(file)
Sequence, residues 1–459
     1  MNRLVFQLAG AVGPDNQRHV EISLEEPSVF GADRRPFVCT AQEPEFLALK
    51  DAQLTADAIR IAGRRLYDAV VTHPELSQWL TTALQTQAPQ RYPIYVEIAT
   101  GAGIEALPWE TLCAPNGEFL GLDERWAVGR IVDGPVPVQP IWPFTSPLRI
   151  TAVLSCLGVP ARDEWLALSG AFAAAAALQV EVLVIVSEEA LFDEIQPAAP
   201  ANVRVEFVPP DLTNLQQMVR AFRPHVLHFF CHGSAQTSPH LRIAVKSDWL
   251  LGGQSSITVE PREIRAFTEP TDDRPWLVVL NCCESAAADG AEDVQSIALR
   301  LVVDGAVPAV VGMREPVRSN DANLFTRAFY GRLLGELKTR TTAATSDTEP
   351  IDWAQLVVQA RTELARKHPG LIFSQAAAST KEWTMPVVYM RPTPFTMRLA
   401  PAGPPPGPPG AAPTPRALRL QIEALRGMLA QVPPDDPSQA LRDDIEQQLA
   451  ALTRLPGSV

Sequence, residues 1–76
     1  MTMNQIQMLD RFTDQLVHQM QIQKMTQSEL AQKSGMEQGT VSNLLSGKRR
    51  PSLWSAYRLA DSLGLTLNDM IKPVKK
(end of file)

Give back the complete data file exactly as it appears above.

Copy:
Sequence, residues 1–459
     1  MNRLVFQLAG AVGPDNQRHV EISLEEPSVF GADRRPFVCT AQEPEFLALK
    51  DAQLTADAIR IAGRRLYDAV VTHPELSQWL TTALQTQAPQ RYPIYVEIAT
   101  GAGIEALPWE TLCAPNGEFL GLDERWAVGR IVDGPVPVQP IWPFTSPLRI
   151  TAVLSCLGVP ARDEWLALSG AFAAAAALQV EVLVIVSEEA LFDEIQPAAP
   201  ANVRVEFVPP DLTNLQQMVR AFRPHVLHFF CHGSAQTSPH LRIAVKSDWL
   251  LGGQSSITVE PREIRAFTEP TDDRPWLVVL NCCESAAADG AEDVQSIALR
   301  LVVDGAVPAV VGMREPVRSN DANLFTRAFY GRLLGELKTR TTAATSDTEP
   351  IDWAQLVVQA RTELARKHPG LIFSQAAAST KEWTMPVVYM RPTPFTMRLA
   401  PAGPPPGPPG AAPTPRALRL QIEALRGMLA QVPPDDPSQA LRDDIEQQLA
   451  ALTRLPGSV

Sequence, residues 1–76
     1  MTMNQIQMLD RFTDQLVHQM QIQKMTQSEL AQKSGMEQGT VSNLLSGKRR
    51  PSLWSAYRLA DSLGLTLNDM IKPVKK